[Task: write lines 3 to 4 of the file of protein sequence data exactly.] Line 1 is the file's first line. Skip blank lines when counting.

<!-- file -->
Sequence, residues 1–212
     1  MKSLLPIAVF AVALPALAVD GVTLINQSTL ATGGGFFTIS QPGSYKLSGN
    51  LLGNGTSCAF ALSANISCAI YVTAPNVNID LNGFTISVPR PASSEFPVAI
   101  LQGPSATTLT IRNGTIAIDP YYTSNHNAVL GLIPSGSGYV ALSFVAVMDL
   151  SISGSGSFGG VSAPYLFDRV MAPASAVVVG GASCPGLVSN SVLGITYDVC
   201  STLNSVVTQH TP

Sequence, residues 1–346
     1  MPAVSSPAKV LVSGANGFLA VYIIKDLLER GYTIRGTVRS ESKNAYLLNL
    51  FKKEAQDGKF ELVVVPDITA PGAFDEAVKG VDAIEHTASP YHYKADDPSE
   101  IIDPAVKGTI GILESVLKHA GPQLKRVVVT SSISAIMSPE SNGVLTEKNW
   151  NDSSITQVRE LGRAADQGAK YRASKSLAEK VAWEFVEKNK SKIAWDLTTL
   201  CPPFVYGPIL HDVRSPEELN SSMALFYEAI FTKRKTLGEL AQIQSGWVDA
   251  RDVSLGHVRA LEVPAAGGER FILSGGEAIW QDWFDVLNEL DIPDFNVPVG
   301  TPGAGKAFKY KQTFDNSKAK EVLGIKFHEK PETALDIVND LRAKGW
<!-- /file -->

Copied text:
    51  LLGNGTSCAF ALSANISCAI YVTAPNVNID LNGFTISVPR PASSEFPVAI
   101  LQGPSATTLT IRNGTIAIDP YYTSNHNAVL GLIPSGSGYV ALSFVAVMDL